Oh, the magic “BMI 19.”
“Get to a BMI 19 and you’ll be healthy,” they tell us.
Bullshit. Utter crap. Hear me out…
Body Mass Index (BMI) is a very basic, and arguably erroneous, way to estimate the amount of fat that a person has on their body based on their height and weight.
Even the bloke who invented BMI (Adolphe Quetelet who published his “Quetelet Index” in 1832) said that it should not be used as a measure of fat on a person’s body. It is nonsensical in a scientific sense, as it makes no allowance for the relative proportions of a person’s muscle, bone, and fat. And guess who is responsible for turning the Quetelet Index into “Body Mass Index?” None other than our old pal Ancel Keys, whom I have a love-hate relationship with, as although Keys is responsible for the misguided war on fat (for which I will always be cross with him), he also did the Minnesota Starvation Study.
Okay, back to the present. Ironically, although the CDC uses BMI as a measure of health, the CDC’s own data show that BMI measures are inaccurate at determining … well, just about anything really. You can be the exact same height and BMI as someone else and have very different bodies. Oh, and not to mention that very same data shows that nearly half of the people classified as “obese” by the BMI standard were perfectly metabolically healthy, actually. That’s because the human body is an organism not a fucking math equation.
It’s all rather embarrassing now really. Most medical practitioners seem to know deep down that BMI isn’t really a reliable indication of health, yet they still pull out that dumb chart and trace lines along it. It’s like a fly that won’t go away no matter how many times you bang your head against the wall.
The reason I get riled up about this is because something that absolutely should not be used as a measure of health is the most commonly bloody used measure of health for people in recovery from life-threatening restrictive eating disorders. Again and again and again. It’s like using leeches to treat a fever — might have seemed like a good idea before we knew better, but now we know better. I imagine that if your doctor started trying to put leeches on you every time you got a fever you’d run a mile. (I actually don’t know very much at all about leech therapy, so I shouldn’t judge. Apologies to any leeches who are actually wonderful healers.)
It’s hard enough to convince people with eating disorders that they are in a state of malnutrition as it is. The last thing you need is a stupid chart on the doctors office wall telling you that you are healthy when your mental state is a shit show because your body is in malnutrition and one part of your brain is desperately telling you to eat and the other part is screaming at you not to. Oh, how wonderful that a little chart on the wall that was thought up by someone a couple centuries ago on a whim knows more about your body than your actual body does. Never mind that your hair is falling out. Never mind that you think about food the whole time. Never mind that you are in a constant state of anxiety. Never mind that your heart rate is still dangerously slow. No, the chart says you are okay, so you must be okay.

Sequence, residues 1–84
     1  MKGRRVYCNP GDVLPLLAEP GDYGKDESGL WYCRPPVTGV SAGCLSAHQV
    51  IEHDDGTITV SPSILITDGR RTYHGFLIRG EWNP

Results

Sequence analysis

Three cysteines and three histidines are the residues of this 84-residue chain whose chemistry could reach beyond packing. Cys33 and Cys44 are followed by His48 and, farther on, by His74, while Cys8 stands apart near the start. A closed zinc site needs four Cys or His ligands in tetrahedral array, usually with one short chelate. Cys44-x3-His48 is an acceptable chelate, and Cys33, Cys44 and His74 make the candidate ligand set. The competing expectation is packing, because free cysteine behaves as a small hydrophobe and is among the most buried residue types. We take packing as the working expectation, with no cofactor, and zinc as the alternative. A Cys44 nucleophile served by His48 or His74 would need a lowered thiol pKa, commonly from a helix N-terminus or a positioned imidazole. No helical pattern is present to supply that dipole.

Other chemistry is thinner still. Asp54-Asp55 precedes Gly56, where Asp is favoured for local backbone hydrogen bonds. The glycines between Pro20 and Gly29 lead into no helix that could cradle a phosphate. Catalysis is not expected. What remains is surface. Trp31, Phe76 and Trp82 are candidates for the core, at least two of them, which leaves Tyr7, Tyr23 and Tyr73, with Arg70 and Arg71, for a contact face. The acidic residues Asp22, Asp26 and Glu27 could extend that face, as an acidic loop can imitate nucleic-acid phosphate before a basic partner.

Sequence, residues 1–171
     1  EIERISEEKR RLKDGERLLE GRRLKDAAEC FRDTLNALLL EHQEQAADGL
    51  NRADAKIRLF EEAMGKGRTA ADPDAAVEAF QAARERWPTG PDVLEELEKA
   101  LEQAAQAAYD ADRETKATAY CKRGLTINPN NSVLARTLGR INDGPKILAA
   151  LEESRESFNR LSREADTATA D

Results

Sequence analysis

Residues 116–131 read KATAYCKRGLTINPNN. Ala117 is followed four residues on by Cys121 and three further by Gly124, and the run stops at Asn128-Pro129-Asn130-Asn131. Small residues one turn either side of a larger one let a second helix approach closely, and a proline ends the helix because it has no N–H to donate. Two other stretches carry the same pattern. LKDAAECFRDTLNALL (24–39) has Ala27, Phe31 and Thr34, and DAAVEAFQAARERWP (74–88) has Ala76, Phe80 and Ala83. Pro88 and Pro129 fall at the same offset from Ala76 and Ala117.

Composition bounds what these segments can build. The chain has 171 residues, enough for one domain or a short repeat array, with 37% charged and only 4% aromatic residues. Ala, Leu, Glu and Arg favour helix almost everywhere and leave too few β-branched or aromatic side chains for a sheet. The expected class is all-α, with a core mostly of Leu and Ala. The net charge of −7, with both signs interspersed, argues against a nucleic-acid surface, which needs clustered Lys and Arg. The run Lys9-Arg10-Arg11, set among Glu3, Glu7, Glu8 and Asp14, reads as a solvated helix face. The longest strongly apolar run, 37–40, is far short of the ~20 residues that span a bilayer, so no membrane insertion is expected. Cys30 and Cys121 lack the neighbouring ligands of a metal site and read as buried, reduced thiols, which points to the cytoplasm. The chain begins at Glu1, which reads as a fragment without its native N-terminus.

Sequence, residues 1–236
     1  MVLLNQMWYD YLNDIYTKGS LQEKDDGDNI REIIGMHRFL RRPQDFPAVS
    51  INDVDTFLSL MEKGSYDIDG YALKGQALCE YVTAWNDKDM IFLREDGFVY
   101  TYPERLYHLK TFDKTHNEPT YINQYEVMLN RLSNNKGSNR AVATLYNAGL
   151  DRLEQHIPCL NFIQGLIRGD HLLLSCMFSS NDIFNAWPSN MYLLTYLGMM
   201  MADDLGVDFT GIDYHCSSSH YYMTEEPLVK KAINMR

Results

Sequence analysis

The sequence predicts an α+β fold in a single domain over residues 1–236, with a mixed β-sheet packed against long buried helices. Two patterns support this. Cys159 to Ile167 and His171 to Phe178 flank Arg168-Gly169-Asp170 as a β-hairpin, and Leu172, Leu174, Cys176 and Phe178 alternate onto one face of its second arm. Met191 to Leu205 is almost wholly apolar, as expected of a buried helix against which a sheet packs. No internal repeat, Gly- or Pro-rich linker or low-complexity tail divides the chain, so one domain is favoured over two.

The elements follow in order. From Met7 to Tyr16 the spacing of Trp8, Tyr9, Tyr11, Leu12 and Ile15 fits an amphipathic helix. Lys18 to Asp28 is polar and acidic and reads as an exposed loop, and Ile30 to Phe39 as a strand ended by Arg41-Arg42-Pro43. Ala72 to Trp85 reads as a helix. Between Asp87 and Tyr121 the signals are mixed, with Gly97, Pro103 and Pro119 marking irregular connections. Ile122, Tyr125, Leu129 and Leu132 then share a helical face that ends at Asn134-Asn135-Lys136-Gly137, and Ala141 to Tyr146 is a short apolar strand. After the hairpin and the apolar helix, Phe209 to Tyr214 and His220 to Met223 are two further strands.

Bollocks. Utter bollocks.
In the video below I explain why a BMI of 19 does not equal nutritional rehabilitation for every person who has a restrictive eating disorder. I don’t even yell. But I feel like yelling about this all the time because it is so ludicrously stupid that anyone would ever have thought that was the case. Let alone that many people still do think that it is the case — people with degrees at that! I mean, I didn’t even go to around 80 percent of my lectures at university, yet even I can look at a standard distribution graph and see the problem with recommending that everyone should be at a weight that is below that of the general population.
It’s like treating anorexia with anorexia. Here, put on some weight, but let’s try and control how much weight you put on and when, because wouldn’t it be the end of the world if you actually put on enough weight to be anything other than underweight …
So for those of you who don’t like to watch videos, here is my explanation:
BMI ranges (underweight, healthy, overweight etc) are based on a bell curve of the population. So, even if we were to use BMI as a indicator of nutritional rehabilitation (which we should not) why the heck are we being told that everyone is “healthy” at a BMI of 19, when a BMI of 19 is below the average for the human population? BMI 19 has just got its foot in the door of the “healthy” range. It hasn’t even taken its coat off yet. It could visit the loo and come out underweight.
When we assume that BMI 19 is “recovered,” we are assuming that every person in recovery would be a person with a naturally low bodyweight once recovered. There’s a nice chuck of misinformation that doesn’t recognize that eating disorders affect people in all sizes of body.
As I explained in last weeks post, if your natural, unsuppressed bodyweight is a BMI of 26, and you are only nutritionally rehabilitated to a BMI of 23, then you are suppressing your bodyweight and you are underweight. If you stopped at a BMI of 19, then you are very underweight!
Mental state is what indicates your nutritional rehabilitation status. Not your weight. And not some BMI pie in the sky.
Do you know what makes me really proud of people through? The emails I get from people in recovery telling me that although their doctor has told them that they are recovered, they know that they are not, and that they are going to push on challenging restriction and allow that higher, unsuppressed bodyweight and see what happens. Because they know that they know better. They know that they are not “okay” and they know that they can’t settle for a half life. And that is amazing, because everyone deserves full recovery.